There are some other options, but how much work does a Gringo retiree want to do??
    Oscar and I are still good friends, but I buy my pig chow in Estelí now for 580 a quintal, instead of his 850. My next trip I'll bring down 10 blades for my weed whacker at $15, instead of the $30 he charges me.

    After the nuclear explosion last year that resulted in Shelley drawing some very distinct lines in the sand, putting my Three's Company fantasy to bed once and all,, I was forced to give up Mariposa, my purebred Landrace sow,, and Krisnia, too. I'm not sure which I miss most.

    Krisnia almost immediately became pregnant, and now has a year old baby, a thick middle and a big butt.
    Mariposa was eaten. I dont know which suffered a worse fate.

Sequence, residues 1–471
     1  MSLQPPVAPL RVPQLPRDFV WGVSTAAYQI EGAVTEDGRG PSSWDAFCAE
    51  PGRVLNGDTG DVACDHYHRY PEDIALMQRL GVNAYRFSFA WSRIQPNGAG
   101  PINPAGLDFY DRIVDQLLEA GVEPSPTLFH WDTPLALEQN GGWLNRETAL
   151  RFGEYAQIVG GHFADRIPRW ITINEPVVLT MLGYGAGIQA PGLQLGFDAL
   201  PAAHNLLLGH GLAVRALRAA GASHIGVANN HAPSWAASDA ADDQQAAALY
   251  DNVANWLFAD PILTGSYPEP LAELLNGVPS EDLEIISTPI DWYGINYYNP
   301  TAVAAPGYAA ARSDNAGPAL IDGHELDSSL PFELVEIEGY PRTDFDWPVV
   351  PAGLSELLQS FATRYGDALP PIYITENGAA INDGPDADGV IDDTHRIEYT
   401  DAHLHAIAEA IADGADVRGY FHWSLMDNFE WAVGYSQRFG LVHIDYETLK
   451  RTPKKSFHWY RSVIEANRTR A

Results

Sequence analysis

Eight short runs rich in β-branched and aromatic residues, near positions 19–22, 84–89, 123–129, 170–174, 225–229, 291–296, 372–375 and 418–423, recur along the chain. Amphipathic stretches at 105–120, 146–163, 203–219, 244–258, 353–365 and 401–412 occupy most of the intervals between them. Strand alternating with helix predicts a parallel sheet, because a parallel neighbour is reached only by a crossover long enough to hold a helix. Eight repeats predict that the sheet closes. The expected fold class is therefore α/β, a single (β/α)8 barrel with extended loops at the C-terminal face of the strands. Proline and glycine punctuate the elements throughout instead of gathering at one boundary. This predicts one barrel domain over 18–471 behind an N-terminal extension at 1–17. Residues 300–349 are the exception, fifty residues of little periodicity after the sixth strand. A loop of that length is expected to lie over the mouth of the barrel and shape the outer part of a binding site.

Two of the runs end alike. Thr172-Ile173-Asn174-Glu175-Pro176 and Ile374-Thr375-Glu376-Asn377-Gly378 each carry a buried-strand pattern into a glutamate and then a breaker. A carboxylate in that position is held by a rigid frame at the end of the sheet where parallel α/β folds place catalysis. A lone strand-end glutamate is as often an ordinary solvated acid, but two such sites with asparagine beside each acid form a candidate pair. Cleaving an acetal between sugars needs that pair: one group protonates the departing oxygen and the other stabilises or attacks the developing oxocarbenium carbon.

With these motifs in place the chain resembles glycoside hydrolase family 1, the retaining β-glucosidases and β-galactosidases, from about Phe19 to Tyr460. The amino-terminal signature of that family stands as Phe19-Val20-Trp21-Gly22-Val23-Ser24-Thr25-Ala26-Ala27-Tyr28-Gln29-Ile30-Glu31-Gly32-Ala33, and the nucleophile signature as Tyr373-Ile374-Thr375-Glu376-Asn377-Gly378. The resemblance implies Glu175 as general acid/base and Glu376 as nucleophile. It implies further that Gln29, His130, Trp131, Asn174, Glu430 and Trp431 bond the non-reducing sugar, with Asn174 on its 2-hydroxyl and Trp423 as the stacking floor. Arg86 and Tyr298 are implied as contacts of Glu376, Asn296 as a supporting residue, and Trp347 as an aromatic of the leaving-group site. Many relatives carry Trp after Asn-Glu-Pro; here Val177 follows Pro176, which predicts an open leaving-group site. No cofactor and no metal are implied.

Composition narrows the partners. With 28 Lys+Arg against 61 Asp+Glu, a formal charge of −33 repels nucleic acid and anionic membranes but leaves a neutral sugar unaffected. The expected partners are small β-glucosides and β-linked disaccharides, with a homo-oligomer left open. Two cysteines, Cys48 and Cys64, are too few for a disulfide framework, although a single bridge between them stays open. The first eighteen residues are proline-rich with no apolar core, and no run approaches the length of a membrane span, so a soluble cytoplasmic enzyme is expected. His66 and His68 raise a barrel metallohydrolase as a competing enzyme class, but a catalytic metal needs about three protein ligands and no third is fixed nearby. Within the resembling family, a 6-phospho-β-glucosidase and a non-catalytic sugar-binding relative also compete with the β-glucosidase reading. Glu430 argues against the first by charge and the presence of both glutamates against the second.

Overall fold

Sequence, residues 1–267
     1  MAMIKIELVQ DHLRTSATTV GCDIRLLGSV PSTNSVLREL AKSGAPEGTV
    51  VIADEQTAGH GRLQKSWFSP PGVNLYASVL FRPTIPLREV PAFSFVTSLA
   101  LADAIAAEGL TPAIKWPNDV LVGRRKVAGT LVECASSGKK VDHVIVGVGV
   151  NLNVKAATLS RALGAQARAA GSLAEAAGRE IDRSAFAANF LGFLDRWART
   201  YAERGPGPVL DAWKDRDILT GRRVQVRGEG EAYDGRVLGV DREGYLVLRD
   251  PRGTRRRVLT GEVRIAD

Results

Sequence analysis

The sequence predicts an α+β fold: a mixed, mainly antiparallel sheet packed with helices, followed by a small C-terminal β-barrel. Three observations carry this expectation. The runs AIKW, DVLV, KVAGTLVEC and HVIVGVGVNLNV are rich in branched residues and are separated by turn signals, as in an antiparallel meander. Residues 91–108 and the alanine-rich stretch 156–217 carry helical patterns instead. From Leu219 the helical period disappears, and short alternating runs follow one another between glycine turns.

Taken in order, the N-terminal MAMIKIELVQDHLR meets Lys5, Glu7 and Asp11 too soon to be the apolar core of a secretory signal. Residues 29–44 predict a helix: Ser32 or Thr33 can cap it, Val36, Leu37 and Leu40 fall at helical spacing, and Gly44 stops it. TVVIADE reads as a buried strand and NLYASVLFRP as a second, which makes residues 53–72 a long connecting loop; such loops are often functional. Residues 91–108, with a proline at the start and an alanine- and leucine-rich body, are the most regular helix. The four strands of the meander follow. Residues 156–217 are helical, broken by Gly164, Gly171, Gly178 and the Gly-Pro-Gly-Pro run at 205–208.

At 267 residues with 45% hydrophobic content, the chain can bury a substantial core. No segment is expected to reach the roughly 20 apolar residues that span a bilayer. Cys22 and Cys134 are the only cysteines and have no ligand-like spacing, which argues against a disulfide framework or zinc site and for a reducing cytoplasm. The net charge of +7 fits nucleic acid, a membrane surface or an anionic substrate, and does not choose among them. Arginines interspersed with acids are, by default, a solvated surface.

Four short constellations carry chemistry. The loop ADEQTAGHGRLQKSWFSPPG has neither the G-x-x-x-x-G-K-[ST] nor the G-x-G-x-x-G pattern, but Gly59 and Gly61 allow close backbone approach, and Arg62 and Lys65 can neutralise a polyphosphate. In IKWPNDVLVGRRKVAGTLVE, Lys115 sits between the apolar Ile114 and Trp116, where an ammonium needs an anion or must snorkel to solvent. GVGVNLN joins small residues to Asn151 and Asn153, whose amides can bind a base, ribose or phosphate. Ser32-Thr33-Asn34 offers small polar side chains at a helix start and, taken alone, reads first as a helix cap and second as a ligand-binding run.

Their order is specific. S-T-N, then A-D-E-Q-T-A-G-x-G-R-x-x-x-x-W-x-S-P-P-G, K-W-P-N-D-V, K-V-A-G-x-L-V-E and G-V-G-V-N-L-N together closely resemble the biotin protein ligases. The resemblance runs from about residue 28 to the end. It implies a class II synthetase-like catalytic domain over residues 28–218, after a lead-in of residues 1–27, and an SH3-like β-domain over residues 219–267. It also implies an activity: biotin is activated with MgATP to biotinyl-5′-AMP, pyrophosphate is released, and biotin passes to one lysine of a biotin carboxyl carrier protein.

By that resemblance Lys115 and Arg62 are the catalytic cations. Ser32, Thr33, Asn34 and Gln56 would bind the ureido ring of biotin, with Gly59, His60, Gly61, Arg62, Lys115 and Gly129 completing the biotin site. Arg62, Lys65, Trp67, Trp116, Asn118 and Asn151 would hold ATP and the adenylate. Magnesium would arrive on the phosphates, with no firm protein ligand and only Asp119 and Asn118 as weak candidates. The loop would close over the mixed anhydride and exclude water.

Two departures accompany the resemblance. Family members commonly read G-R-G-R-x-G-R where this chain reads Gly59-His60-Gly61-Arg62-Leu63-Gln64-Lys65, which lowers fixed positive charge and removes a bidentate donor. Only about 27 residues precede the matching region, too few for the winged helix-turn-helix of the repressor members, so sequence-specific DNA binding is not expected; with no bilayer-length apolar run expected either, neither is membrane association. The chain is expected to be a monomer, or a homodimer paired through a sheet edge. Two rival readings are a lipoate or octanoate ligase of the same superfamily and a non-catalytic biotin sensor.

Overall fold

But, as hope springs eternal,, I'm back in the pig business. I have my own boar, two gilts (pigs before they become sows),, and El Chepito, a castrated Male named after Krisnia' husband.

    I'm going to slaughter El Chepito later this month and stick him in the freezer. I've been feeding him lots of mangos, which loves; will his flesh have a mango flavor?

    Probably not, but it will be good pork.

    I have a chain link yard for the chickens now, with serpentina in top, and they love the grass, spending hours looking for the odd bug. The place looks more and more like El Modelo, but I sleep better at night. Javier chased some people who were stealing potatoes,, but I can't chain link the whole 40 acres.

    The pigs are on pasture too, and they consume a lot of green. And mangos.

    But, life moves on, or,, in Nicaragua, it more
    Persists.